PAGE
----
The Chevy Bolt EV Is Just A Normal Everyday Car And That’s Pretty Cool

Red Chevy Bolt EV outdoors

SEP 23 2018 BY WADE MALONE 102

Jalopnik reviews the 2018 Chevy Bolt EV and marvels at how familiar it all feels

For Jalopnik writer Patrick George, what stood out most about the Chevy Bolt EV was that very little stands out. The electronic gear shifter is similar or identical to many other GM vehicles. The car is fun to drive without even trying to be. The exterior is a “quasi-crossover hatchback” that doesn’t look large but is surprisingly roomy.

The electric Chevrolet can also be driven like any other car. The range of 238 miles EPA is far above most direct competitors. After a week of typical city driving, George “barely made a dent” in the battery.

In fact, even the cost of the car is pretty normal. The Bolt starts at $37,495 after freight charges are applied. For a buyer that can take advantage of the $7,500 federal tax credit, the price of the vehicle can fall below $30,000. That’s before even considering state rebates or dealer discounts. This places the car well below the average new car purchase price of ~$32,000.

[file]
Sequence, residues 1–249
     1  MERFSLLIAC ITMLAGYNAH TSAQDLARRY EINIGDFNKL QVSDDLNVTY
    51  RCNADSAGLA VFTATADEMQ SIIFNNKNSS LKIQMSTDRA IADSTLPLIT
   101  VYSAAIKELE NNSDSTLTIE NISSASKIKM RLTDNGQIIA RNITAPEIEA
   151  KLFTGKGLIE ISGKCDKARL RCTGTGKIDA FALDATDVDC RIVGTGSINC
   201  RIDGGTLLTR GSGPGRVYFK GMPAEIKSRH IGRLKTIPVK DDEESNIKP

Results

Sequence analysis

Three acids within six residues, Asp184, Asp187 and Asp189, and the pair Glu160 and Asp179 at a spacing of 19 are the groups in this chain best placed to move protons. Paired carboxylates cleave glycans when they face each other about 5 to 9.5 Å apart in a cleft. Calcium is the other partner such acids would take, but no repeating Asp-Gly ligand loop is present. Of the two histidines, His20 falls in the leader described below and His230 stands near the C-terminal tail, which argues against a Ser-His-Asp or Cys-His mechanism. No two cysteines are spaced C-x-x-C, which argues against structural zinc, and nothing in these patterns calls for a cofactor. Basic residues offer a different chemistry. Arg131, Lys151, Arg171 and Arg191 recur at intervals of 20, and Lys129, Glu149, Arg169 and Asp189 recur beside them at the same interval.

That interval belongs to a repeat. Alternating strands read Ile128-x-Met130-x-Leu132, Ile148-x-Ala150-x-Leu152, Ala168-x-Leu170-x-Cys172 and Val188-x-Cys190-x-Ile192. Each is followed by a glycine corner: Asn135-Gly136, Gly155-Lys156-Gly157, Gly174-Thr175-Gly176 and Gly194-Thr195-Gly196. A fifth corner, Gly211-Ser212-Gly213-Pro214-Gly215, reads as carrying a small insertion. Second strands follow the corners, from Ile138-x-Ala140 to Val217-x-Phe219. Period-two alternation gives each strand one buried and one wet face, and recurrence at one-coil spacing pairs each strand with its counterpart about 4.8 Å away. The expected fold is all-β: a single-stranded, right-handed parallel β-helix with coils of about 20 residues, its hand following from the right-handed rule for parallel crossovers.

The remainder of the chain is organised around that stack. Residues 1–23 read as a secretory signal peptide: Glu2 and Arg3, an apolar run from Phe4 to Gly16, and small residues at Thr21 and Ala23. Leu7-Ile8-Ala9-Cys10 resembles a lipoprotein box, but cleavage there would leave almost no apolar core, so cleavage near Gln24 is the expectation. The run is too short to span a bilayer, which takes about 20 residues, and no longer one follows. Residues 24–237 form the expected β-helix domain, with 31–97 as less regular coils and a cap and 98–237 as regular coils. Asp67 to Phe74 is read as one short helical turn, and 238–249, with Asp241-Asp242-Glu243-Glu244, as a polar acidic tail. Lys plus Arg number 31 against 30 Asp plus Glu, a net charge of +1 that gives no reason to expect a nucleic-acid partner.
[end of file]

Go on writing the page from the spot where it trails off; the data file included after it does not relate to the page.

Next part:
Jalopnik also appreciated the unlimited 4G LTE WiFi, making use of the strong connection to check up on e-mail and edit some blog posts.

One feature of the Bolt that is not at all “normal” is the regenerative braking. Driving in L “enables full regenerative braking and true one-pedal driving.” The reviewer also made good use of the regen on demand pedal, calling it “a great little benefit.”

Chevy Bolt Interior

The Chevy Bolt EV and Tesla Model 3 both doing the same thing in different ways

Jalopnik recently raved about the Tesla Model 3 Performance, calling it “the best Tesla yet.” Most of the risks that car takes are wildly successful. Yet George seems to prefer the layout and UI of the Bolt to that of the Tesla Model 3. The reviewer felt Tesla is trying too hard “with its phone-app door unlocking, buttons to unlock doors, ultra-minimalist interior and many key functions relegated to a touch screen.”